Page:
In 1990, Tim Curry terrified the world with his iconic portrayal of Pennywise the clown. The two-part miniseries of It has its faults however Curry’s performance helped cement its cult status. Talk of a big screen remake was whispered for years but when the project finally gained traction it suffered from production issues to the point Stephen King suggested it may not happen. With two huge changes, including the replacement of the director and lead villain, the movie was released in 2017 to wide acclaim. Director Andrés Muschietti was praised for his vision while Bill Skarsgård’s take on Pennywise was terrifying and unique. As It was only half the story, thankfully its success at the box office meant a sequel was greenlit. With so much left to say, It Chapter Two promised to be bigger, scarier and more ambitious than its predecessor. Did it succeed?
Twenty seven years have passed since the Losers’ Club defeated Pennywise. Now adults, most of them have left Derry to lead successful lives. Mike (Isaiah Mustafa) was the only person to remain in Derry, dedicating his life to understanding what It actually was in case it resurfaced. When a young man is slaughtered, Mike knows who is really responsible. He calls on his old friends to come back to Derry and finish It off once and for all. Unlike Mike, their memories aren’t as clear as his and when they do start to remember, some have doubts that they’ll be able to defeat Pennywise who is looking forward to reuniting with the old friends it has missed so dearly.
Muschietti wastes no time in the opening scene. The brutality of the violence and themes set the tone early which will leave many squirming in their seat. The eeriness of Derry is wonderfully shot by Checco Varese who captures the subtle abnormal atmosphere of the town. This is heightened with the return of the, now adult, Losers’ Club who appear almost alien like in their exploration of their hometown which seemed so normal to them last time around. The casting is incredible, not only have the filmmakers lured heavyweights such as James McAvoy (Bill) and Jessica Chastain (Beverly) to star in their horror film, the adult actors are very much like their child counterparts in looks and mannerisms.
As great as the cast are, Bill Hader steals the show as Richie. His younger counterpart, Finn Wolfhard, arguably did the same in Chapter One with his one liners, here Hader adds extra depth and maturity to a man that’s struggling with his fear of the irrational and his own secrets. It’s a powerful performance as he delivers each line, whether it be funny or not, with fantastic conviction. As the Losers wander Derry they are tortured by the ghosts of their childhoods which return along with their memories. The adult actors carry the weight of their life choices with a visible emotion that connects.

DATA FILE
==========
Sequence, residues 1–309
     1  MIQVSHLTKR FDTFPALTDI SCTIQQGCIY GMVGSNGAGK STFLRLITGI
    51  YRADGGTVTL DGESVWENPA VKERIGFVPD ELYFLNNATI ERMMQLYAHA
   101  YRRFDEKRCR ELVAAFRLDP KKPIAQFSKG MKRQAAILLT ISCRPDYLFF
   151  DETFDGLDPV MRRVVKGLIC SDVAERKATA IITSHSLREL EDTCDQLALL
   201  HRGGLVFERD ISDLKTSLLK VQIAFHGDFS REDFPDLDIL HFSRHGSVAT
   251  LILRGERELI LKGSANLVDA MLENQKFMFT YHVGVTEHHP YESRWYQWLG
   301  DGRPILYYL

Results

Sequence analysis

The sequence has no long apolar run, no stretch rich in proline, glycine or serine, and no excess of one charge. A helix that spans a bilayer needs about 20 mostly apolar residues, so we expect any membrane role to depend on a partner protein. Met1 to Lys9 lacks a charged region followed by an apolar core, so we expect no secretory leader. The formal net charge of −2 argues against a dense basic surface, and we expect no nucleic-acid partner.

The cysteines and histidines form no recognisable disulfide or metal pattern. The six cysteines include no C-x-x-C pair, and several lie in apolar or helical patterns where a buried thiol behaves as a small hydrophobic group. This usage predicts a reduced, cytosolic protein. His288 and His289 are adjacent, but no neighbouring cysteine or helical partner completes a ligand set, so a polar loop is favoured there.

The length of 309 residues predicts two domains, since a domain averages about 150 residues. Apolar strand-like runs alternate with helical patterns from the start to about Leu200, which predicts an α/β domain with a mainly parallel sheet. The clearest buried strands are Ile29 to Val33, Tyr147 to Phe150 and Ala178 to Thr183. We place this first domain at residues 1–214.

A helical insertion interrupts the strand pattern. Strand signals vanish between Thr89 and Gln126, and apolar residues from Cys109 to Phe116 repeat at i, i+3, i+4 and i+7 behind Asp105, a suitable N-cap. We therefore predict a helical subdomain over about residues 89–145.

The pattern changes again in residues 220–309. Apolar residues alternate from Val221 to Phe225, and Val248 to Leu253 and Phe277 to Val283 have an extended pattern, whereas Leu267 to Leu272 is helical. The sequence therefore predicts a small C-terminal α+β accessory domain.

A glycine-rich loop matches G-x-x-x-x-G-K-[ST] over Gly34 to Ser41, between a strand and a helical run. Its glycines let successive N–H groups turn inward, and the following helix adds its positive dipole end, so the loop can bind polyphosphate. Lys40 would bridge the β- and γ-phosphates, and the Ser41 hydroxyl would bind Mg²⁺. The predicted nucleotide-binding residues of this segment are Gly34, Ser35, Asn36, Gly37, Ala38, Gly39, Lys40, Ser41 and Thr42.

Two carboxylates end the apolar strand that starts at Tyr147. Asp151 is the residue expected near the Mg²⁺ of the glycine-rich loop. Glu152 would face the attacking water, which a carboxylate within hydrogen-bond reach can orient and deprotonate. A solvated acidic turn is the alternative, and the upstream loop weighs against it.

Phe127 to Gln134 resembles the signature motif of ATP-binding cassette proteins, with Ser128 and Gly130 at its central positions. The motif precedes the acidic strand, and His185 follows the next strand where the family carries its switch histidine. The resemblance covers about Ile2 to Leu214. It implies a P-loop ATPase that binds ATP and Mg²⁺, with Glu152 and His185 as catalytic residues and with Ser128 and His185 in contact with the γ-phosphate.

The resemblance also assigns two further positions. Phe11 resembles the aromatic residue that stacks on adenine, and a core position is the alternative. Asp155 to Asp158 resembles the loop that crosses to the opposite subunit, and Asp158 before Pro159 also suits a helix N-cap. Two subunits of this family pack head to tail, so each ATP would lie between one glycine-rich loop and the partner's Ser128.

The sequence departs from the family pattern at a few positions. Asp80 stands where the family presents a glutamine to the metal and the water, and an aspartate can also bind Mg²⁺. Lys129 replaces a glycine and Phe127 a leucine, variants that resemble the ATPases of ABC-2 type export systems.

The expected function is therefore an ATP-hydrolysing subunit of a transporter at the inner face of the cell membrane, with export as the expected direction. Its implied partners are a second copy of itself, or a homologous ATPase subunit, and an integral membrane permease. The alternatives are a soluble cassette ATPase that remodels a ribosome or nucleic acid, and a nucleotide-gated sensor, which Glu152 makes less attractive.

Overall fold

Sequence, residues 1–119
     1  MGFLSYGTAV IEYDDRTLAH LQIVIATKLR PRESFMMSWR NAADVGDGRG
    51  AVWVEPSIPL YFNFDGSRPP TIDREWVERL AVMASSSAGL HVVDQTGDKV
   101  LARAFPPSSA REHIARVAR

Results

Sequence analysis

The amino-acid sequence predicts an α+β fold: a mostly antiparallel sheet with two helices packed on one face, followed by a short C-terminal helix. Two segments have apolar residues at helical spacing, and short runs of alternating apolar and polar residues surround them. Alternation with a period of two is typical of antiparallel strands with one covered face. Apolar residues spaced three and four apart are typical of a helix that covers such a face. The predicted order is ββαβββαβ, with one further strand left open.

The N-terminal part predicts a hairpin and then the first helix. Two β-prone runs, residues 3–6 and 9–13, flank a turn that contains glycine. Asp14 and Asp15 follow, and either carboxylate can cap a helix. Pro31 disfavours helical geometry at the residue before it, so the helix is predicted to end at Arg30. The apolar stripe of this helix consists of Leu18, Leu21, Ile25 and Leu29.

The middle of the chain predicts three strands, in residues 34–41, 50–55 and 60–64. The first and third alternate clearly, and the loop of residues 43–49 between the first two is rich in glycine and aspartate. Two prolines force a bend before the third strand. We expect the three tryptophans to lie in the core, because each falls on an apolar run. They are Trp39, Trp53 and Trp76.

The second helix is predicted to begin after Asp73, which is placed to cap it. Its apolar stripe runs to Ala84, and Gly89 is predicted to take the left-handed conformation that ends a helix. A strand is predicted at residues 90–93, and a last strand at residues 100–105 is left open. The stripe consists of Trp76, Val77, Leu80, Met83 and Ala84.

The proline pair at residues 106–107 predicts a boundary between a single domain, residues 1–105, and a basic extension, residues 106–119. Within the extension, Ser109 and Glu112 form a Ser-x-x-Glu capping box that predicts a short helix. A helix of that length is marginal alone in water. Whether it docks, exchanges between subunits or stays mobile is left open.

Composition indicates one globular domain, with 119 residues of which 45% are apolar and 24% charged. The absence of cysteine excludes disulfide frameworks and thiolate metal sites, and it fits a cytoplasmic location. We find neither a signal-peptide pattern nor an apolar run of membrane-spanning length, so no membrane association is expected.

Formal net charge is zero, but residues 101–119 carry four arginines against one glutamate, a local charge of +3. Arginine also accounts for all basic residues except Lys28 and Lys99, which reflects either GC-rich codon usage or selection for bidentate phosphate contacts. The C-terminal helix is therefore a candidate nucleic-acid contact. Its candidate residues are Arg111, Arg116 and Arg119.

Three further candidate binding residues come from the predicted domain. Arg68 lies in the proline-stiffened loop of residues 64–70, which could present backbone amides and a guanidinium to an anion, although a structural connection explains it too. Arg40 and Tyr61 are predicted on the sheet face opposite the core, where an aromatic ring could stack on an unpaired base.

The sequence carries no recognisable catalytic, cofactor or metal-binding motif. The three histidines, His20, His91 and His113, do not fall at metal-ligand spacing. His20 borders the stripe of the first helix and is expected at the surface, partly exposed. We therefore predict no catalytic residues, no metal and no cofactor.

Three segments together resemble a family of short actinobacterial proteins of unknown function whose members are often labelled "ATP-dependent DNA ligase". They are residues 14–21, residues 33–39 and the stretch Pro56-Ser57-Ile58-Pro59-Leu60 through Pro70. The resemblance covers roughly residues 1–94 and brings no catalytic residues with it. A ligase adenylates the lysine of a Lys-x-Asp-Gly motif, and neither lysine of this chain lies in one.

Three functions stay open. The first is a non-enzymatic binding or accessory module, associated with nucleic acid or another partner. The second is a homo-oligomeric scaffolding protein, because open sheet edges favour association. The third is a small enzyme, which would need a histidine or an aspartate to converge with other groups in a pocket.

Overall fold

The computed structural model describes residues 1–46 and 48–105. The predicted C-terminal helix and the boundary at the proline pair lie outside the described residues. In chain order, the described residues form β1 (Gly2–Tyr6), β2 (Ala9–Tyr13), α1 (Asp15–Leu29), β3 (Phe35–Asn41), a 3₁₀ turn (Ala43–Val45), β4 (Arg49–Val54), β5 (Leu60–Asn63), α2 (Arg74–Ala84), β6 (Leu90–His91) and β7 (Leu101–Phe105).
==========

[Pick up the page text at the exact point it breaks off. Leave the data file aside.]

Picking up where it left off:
Skarsgård flourishes as Pennywise, adding layers to the child eating devil. The arrogant swagger still remains, but his portrayal is more frightening as Pennywise knows he needs to up his game to kill his foes. The actor is so self-assured in the role that he is able to evoke terror with a mere look. His voice remains startlingly sinister with his facial expressions switching from affable clown to vicious monster with apparent ease.
There are plenty of frights on offer but Gary Dauberman has included plenty of laughs to break the tension. The script is very witty with many laugh out loud moments. This works wonderfully to lighten the mood and hit reset on the horror. Muschietti doesn’t keep you in perpetual fear for nearly three hours, instead he’ll scare you senseless before allowing your heart rate to settle before cranking the scares back up. The film never drags, instead it flies by with the runtime used to great effect. King’s original novel clocks in at over a thousand pages, the essence of it (or It) is expertly captured over both films while Chapter Two delves into the mythos of It’s origins without ruining the mystery by over explanation.
It Chapter Two is a brilliant conclusion to one of the best horror movies of the last thirty years. It’s a more than worthy sequel that is allowed time to breathe and tell its story without needlessly rushing to the end. Chilling, disturbing and humorous, it denies to be constrained by its genre while shamelessly reviling in its traits. An outstanding film with a talented cast, it hits the right notes to deliver an epic experience. You’ll float too.
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